The Shudder original 2017 release, “Belzebuth,” scares up onto an UK Blu-ray release from Acorn Media International. The region 2, PAL encoded, single layer BD25 presents the film in a widescreen, 2.35:1 aspect ratio, with a runtime of 109 minutes.  Ramon Orozco’s cinematography flashes with a gorgeous red and blue color palate that fits the iniquitous tone and adds an ethereal, hazy backlighting to only enhance the tone to more sinister levels.  Acorn’s Blu-ray sharpens Orozco’s already byzantine schemes that enriches the details in the skin as well as a the sacred relic artifact-cladded locations that become claustrophobic and entombing.  Even Juan Martínez Espín visual special effects casts a solid effort of barely a smooth surface computer generated phoniness, especially in one crucifying scene of psychological torment.  You’ll know it when you see it.  “Belzebuth’s” powerful Dolby Surround 7.1 audio track is an assault on the eardrums of the best kind with a husky, industrial melodic soundtrack and hefty sound design with accompanying diverse range and proper depth that could be described as literally placing every creak, stab, and cackling laugh sound right into the darkest corners of your ears.    An unfortunate surprise about the Acorn release is that there are no special features aside from the animated menu that is essentially chaotic “Belzebuth’s” trailer plastered with menu options.  Possession films tend to stale at a dime of dozen, but Emilio Portes’s freshly terrifying “Belzebuth” entertains and scares to the very last morsel.

The Devil’s Tongue is a Powerful, Influencing EVIL. “The Dark and The Wicked” reviewed! (Acorn Media / Blu-ray)



Siblings Louise and Michael Straker return home to their farmland house when their terminally ill father becomes bedridden.  A long time alone and isolated before her children arrived, Virginia provided suitable care for their father up until the voices started.  Lurking in between the shadows around the rural home, a menacing presence wedges itself into an already splintered family spirit as the harbinger of death coming for their father’s soul.  The influence of voices and grim visions tatter Louise and Michael resolve, testing their unconditional love for family and moral obligations, but evil can be very persuasive the closer their father comes to his end. 

The battle grounds of losing oneself during the verge of loss has commonly been a recurrent topic amongst indie films.  For filmmaker Bryan Bertino, the concept feels deeply personal.  “The Strangers” and “Monster” writer-director’s latest discomforting horror film, “The Dark and the Wicked,” uses Devil speak in mass, detrimental volumes as an allegoric device for the internal deconstruction of family, capitalizing for his tale the use of his family’s rural Texas farm house written as a threatening locale of isolation and the tenebrous unknown.  “The Dark and the Wicked’s” paganistic undertones heavily perceive a dissipating family structure’s disconnect from not only God but from the community who has been all but absent from coming to the fictional Straker family aid.  The 2020 released film is produced by Bertino’s production company, Unbroken Pictures, alongside Shotgun Shack Pictures (“Hurt”), Traveling Picture Show Company (“The Blackcoat’s Daughter’), and in association with Inwood Road Films.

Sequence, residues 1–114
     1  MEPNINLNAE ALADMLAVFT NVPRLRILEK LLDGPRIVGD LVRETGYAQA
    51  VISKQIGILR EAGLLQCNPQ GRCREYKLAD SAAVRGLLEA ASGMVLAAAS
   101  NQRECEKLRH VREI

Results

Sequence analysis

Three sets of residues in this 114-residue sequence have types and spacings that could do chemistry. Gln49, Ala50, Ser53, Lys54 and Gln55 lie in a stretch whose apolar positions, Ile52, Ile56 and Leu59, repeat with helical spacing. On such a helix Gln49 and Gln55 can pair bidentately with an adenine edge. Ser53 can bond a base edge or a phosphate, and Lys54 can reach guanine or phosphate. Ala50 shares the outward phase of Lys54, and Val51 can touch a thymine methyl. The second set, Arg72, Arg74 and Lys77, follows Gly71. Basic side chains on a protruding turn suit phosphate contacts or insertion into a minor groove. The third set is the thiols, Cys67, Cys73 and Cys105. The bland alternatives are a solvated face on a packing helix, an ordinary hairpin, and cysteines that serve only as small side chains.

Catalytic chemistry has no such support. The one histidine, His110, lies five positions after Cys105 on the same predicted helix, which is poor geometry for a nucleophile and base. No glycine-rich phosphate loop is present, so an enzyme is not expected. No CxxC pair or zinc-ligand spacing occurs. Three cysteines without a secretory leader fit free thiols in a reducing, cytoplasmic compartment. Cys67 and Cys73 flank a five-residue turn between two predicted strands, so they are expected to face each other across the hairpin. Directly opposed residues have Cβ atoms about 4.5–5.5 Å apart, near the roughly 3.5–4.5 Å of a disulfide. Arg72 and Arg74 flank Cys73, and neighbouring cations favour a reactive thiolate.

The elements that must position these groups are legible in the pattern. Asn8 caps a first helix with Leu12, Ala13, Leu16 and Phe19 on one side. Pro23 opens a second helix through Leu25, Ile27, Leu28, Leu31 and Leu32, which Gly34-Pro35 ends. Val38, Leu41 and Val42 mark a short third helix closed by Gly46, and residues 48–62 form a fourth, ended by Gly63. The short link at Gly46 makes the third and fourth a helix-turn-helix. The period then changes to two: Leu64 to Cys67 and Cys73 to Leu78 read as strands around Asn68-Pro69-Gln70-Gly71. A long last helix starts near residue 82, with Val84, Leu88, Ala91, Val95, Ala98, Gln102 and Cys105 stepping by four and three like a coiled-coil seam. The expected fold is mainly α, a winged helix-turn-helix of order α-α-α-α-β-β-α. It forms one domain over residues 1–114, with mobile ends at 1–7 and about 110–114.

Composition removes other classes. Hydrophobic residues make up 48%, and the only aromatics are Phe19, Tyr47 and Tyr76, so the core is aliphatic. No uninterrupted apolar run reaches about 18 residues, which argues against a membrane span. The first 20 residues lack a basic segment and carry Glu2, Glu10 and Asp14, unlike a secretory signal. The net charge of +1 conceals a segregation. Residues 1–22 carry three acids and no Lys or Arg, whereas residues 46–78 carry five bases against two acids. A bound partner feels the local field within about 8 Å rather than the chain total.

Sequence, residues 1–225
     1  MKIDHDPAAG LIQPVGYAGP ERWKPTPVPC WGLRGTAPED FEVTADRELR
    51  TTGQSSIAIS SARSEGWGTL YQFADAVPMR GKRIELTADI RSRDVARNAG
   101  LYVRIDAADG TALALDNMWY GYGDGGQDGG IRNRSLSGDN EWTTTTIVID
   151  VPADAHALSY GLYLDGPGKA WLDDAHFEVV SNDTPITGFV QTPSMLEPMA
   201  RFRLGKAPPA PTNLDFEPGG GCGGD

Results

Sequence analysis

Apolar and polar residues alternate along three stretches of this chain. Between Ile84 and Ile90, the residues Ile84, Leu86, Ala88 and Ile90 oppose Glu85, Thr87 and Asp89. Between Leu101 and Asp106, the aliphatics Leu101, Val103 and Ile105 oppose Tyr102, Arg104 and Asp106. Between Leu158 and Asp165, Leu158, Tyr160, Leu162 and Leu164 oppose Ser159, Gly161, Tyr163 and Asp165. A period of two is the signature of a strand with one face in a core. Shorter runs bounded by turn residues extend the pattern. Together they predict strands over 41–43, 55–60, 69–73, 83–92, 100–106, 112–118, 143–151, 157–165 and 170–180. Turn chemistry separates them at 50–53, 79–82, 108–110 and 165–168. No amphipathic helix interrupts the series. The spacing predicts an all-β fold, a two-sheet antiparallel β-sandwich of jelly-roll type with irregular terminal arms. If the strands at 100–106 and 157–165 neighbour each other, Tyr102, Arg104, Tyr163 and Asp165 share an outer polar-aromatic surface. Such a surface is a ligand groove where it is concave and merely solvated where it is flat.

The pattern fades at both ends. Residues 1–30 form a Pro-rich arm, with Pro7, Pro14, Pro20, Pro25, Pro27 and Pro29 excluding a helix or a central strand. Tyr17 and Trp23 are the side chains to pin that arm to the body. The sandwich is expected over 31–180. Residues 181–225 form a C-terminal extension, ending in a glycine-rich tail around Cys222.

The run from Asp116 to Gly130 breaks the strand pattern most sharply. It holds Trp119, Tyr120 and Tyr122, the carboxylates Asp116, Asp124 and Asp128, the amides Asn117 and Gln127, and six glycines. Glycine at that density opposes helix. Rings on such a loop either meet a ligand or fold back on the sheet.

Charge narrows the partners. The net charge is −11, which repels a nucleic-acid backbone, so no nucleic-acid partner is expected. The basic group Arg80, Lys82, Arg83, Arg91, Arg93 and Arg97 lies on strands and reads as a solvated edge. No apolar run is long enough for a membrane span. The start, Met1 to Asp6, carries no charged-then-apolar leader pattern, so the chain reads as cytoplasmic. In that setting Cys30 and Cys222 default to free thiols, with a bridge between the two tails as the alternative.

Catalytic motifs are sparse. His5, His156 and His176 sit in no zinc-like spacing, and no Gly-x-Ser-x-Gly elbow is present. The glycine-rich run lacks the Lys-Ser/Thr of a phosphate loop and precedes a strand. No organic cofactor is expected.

To play characters accustomed to the rural lands of the Texas outskirts, “The Dark and the Wicked” required a range submerged with leisurely movements, a Lonestar draw, and to, of course, look good in plaid and Wrangler jeans.  The cast that emerged was nothing short of spectacularly precise in fabricating the lives of remote lives rural Texans, opening with a Texas-born Julie Oliver-Touchstone (“Bounded by Evil”) sewing dresses in the barn, tending the farm’s goats, and chopping produced in her white nightgown as who will be the catalytic mother, Virginia Straker, that passes not only the 24-hour hospice care to her children but also all the beneath the light misery that drives her terrified.  The girth of the story revolves around, Louise, “The Umbrella Academy’s” Marin Ireland, and Michael, Michael Abbot Jr. from the upcoming “Hell House,” as sister and brother who return back home upon the news of their bedridden father (Michael Zagst).  At this point in the story, where we meet Louise and Michael for the first time, a shrouded background puts a delectable side dish of mystery into making them initially interesting, but over the course of the 96 minute runtime, the enigma dissolves around why Louise no longer works from the Postal Service and what’s stringently being shied away from the thick layered division between the siblings from being close to one another.  The impending standoffish goes unspoken, never comes to a head between them as like the unfolding of “The Strangers” where Liv Tyler and Scott Speedman unravel and expose their marital struggles with the invisible wall between them before, and even in the midst of, being terrorized.  There’s something there that isn’t being part of the exposition or coming back around when the Devil comes really calling for their father’s doomed soul.  Instead, Ireland and Abbot simply assimilate well enough into their falling into farm life dynamics as the sister who must shoulder the responsibility of hospice care and the brother overseeing what could be considered man’s work of handling the duties of raising livestock.   We also get some messed up supporting second fiddlers to execute Satan’s handywork with performances Lynn Andrews, Tom Nowicki (“Conjurer”), Mindy Raymond (“Bigfoot Wars”), and “The Walking Dead’s” Xander Berkeley channeling his best Julian Beck’s Kane performance as a sinister Priest making a house call.